A small upstairs gallery in UNLV’s student union is your regrettably out-of-the-way destination if you want some Spiritual Aberration — an exhibit that finds UNLV digital photography students defying the frothy aesthetic of summer by examining the portentous topics of deviance and divinity.
As you might imagine, works mixing the two offer the most intriguing results. A catholic altar of traditional relics intermixed with drugs, money, and an assault rifle in Claudia Cordero-Pacheco’s “Dangerous Faith” presents symbols of violence, intoxication, and greed as social objects of veneration. Bailey Hart’s “Mother Music” nods at divine inspiration with a gold-robed figure, rosary beads replaced by ear buds and the halo by a record titled “Milk and Honey.” Nicole Overman’s image of a voluptuous female in white lace floating in a tub of milky water destabilizes virtues of the bridal and maternal with unsettling overabundance. Hinting at transformation, a white-hot neon halo fires up in front of a blurred figure in Fallon Quinn’s “Awakening.” In Quinn’s “Metamorphosis” a shadowed reptilian snout morphs into a female visage, then phasing into a pale, wraith-like form. In both works the spiritual dominates the physical. Which is as it should be in a show like this.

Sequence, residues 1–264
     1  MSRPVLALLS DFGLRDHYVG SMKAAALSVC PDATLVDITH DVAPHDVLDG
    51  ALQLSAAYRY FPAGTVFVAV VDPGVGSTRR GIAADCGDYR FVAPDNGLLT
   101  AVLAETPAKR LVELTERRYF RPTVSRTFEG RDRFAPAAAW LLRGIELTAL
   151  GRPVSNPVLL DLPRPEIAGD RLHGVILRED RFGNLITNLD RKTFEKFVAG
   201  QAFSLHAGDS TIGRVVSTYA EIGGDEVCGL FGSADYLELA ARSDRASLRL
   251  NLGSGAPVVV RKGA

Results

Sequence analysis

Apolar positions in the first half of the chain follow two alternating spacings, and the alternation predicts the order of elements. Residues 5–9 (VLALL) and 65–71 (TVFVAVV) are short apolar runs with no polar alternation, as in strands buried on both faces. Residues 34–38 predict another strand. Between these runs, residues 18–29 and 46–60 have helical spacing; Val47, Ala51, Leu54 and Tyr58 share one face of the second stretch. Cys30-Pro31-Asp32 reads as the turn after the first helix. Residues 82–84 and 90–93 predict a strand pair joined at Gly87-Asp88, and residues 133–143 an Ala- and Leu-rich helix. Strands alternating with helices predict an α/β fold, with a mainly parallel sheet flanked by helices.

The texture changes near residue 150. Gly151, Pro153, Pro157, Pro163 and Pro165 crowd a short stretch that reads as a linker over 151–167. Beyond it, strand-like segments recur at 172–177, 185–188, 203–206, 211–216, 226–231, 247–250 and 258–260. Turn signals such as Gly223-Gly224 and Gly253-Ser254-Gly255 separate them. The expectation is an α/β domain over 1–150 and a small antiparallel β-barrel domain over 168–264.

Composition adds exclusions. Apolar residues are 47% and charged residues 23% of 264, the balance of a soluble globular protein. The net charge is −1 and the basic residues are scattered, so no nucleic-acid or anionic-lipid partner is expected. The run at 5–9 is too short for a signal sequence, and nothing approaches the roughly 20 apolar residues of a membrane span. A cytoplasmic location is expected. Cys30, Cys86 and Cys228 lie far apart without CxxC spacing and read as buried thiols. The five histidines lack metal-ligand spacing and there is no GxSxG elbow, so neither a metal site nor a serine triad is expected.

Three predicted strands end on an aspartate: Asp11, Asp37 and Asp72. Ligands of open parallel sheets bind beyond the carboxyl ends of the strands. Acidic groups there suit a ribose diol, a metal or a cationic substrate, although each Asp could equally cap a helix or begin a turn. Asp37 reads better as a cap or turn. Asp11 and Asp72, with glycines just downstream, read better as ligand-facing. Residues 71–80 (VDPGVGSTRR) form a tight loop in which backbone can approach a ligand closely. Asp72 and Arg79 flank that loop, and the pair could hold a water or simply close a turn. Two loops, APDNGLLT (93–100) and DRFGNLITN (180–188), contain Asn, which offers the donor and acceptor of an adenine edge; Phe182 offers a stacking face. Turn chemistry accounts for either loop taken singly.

Spiritual Aberration, through July 19, UNLV’s Student Union Gallery, free, unlv.edu